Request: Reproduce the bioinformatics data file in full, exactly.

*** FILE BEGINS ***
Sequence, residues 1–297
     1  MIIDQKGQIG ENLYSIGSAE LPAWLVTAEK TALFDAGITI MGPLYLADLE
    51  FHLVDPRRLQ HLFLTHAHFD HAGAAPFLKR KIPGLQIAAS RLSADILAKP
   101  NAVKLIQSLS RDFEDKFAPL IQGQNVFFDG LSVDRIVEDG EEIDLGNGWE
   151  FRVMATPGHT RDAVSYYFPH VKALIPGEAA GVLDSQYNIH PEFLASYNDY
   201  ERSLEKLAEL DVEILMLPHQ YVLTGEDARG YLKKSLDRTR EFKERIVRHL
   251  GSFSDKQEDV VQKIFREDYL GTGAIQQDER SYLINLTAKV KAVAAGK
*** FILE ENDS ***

Sequence, residues 1–297
     1  MIIDQKGQIG ENLYSIGSAE LPAWLVTAEK TALFDAGITI MGPLYLADLE
    51  FHLVDPRRLQ HLFLTHAHFD HAGAAPFLKR KIPGLQIAAS RLSADILAKP
   101  NAVKLIQSLS RDFEDKFAPL IQGQNVFFDG LSVDRIVEDG EEIDLGNGWE
   151  FRVMATPGHT RDAVSYYFPH VKALIPGEAA GVLDSQYNIH PEFLASYNDY
   201  ERSLEKLAEL DVEILMLPHQ YVLTGEDARG YLKKSLDRTR EFKERIVRHL
   251  GSFSDKQEDV VQKIFREDYL GTGAIQQDER SYLINLTAKV KAVAAGK